Acknowledging that families are facing child care challenges, Warren County Public Schools Superintendent Rob Clayton said Wednesday that the next several weeks will determine whether WCPS can fully reopen its schools next semester.

“We do want to get all of our students back that want to be here,” Clayton said during a community meeting streamed via Facebook Live. “Our goal is to do that starting second semester.”

Reopening its schools in late August, WCPS was one of the earliest in the state to do so, albeit on a hybrid, A/B schedule that blended distance learning and at least two days each school week for in-person classes. Alternatively, students were able to receive instruction purely online if they chose to do so, something Clayton anticipated would remain an option for the rest of the school year, he said Wednesday.

WCPS wants to expand its in-person offerings beginning next semester, but with the virus escalating in Kentucky and across the country, the next several weeks will be pivotal, Clayton said.

“We don’t know what the next six to eight weeks is going to look like. … We know that right now is a very telling time,” Clayton said of the pandemic.

The goal, Clayton said, is to have all students back in person if they so choose. The district isn’t going to make that call anytime soon, though.

“We want to see how this is impacting other school districts,” Clayton said, explaining he wants to see how other school districts do while following that route.

WCPS doesn’t want to be first, Clayton said, but “we want to get it right.”

The district previously said it plans to continue offering its current hybrid model until Dec. 18, after which the holiday break begins and continues to Jan. 1.

Unlike the Bowling Green Independent School District, WCPS chose to keep Fridays as distance learning days for its students. Teachers use the time to plan lessons, collaborate with colleagues and tutor struggling students, Clayton said.

Clayton said he hopes to notify parents of the district’s plans for the second semester in coming weeks, ideally by Nov. 19, which is the Warren County school board’s next scheduled meeting.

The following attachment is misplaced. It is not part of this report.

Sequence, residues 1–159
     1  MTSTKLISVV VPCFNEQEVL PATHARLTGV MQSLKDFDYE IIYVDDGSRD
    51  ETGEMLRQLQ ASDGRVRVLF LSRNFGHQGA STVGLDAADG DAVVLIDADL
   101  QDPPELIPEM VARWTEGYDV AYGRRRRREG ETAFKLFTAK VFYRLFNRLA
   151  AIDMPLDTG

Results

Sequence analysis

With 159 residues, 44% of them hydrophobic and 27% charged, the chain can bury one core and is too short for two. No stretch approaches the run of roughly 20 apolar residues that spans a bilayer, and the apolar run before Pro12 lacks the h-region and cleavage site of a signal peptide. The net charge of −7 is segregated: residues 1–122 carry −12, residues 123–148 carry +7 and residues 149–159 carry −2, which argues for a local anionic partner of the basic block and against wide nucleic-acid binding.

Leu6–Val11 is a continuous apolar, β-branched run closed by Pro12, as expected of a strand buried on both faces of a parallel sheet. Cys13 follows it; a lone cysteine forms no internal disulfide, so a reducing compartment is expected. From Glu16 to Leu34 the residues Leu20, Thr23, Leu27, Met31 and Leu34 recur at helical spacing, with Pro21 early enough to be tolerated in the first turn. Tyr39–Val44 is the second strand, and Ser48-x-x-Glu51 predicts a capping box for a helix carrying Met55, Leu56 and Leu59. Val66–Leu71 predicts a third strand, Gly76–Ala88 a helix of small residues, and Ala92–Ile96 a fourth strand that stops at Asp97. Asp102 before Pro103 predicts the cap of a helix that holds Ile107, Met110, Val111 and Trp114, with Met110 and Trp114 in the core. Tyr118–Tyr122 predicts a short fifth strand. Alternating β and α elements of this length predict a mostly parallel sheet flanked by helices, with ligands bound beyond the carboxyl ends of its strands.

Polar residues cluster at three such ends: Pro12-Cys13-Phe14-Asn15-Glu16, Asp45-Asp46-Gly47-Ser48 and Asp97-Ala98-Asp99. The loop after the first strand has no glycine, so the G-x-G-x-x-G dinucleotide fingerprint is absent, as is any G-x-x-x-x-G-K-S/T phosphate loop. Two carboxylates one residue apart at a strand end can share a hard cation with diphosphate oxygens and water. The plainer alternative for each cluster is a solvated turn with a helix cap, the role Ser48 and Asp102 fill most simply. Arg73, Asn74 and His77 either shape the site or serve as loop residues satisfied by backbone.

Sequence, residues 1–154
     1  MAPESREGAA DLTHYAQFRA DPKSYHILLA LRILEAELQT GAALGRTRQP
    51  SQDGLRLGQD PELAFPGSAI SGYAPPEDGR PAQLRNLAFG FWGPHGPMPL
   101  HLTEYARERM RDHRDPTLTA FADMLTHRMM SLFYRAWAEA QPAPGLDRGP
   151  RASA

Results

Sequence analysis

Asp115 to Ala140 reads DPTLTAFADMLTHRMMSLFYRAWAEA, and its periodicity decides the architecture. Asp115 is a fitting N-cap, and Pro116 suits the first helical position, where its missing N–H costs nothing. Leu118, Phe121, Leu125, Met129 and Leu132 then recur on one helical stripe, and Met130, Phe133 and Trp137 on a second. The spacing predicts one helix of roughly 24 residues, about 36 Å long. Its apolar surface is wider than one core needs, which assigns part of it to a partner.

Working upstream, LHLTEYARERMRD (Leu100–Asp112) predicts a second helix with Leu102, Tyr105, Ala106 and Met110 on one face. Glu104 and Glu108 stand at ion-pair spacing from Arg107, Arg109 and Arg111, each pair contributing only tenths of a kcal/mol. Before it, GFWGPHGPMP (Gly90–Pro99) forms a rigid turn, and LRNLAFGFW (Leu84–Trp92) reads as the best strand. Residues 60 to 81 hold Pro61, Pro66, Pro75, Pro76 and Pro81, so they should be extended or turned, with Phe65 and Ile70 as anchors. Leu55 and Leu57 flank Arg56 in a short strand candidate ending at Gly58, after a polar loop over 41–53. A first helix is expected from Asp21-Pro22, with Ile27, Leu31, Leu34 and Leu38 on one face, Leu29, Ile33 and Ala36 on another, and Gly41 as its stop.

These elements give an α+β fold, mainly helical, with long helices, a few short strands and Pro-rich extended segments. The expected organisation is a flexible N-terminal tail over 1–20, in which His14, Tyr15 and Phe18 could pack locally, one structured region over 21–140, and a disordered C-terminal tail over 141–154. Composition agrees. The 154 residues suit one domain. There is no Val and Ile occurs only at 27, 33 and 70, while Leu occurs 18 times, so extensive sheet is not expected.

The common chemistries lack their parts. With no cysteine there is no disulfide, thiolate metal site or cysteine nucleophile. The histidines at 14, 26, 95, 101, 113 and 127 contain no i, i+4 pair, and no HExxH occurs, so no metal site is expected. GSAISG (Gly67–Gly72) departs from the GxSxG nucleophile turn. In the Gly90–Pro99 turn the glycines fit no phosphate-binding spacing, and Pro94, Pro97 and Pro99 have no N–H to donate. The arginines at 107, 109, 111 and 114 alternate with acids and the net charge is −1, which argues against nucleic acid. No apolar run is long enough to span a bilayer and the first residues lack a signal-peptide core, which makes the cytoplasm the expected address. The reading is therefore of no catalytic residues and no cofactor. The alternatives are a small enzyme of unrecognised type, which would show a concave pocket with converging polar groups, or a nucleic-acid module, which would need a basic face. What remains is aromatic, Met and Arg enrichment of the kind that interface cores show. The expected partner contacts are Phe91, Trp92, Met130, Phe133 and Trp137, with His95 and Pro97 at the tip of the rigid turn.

Clayton also acknowledged the struggles families are facing in finding adequate child care when their children aren’t in school.

“Coming back hybrid did not address the child care needs that many, I mean many, of our families have,” Clayton said.

But the approach has allowed students and staff to better adhere to social distancing guidelines.

Additionally, Clayton said there’s no evidence to suggest the virus is spreading among students in the district’s buildings. He described only one instance of staff-to-staff member spread and another between students at an extracurricular event.

“Now, I can’t tell you that it hasn’t occurred, but what I can tell you is no information has come in our direction, as of today, that would suggest a spread of this virus during the school day,” Clayton said.

As of Wednesday morning, when the event was held, WCPS district nurse Holli McDaniel said the district had “nine faculty and staff that are active (cases), 20 in-person students and six virtual academy students.” She cited the district’s online virus dashboard, which she noted only reports lab-confirmed cases.

During the meeting, several administrators outlined the district’s approach to mitigating the spread of COVID-19, including procedures for contact tracing and sanitation. Along with thorough cleanings of school facilities, the district is also making use of electrostatic sprayers and ionized HVAC systems to curb virus spread.

“I will tell you that right now we’re seeing an uptick” in cases across the state, Clayton said. “But the reality is, in Warren County, we’ve been dealing with this for several months.”

Similar community meetings will be held in coming months, with the next taking place Dec. 10 at Warren East High School.

A State of the District address will be at 6 p.m. Nov. 12 at Warren Central High School.

– Follow education reporter Aaron Mudd on Twitter @BGDN_edbeat or visit bgdailynews.com.

Education reporter. Covers education and related issues, focusing primarily on the Bowling Green and Warren County public school districts and Western Kentucky University.

(1) comment

Dr. Strangelove

As of this morning according to the KY Dept. of Health dashboard 2 people under the age of 29 have died of COVID, 111 people under the age of 59 years have died in KY, all supposedly from COVID. That makes 0.00004% of the entire population of 4.5 Million for those under 29 and 0.0025% of the same population for those under 59 years of age. A total of 1363 people reportedly dead from COVID in a state of approximately 4,500,000 people equals .0.03 % of the entire population. 90% being over the age of 60 and 75% being over the age of 70.

Gee, what do they do about the school kids and COVID risk? Never mind the parents going broke paying for child care of limiting their employment income. Do we risk the Teachers Union needs? Don't let the statistics guide you. Such a dilemma.

Welcome to the discussion.

Keep it Clean. Please avoid obscene, vulgar, lewd, racist or sexually-oriented language.
PLEASE TURN OFF YOUR CAPS LOCK.
Don't Threaten. Threats of harming another person will not be tolerated.
Be Truthful. Don't knowingly lie about anyone or anything.
Be Nice. No racism, sexism or any sort of -ism that is degrading to another person.
Be Proactive. Use the 'Report' link on each comment to let us know of abusive posts.
Share with Us. We'd love to hear eyewitness accounts, the history behind an article.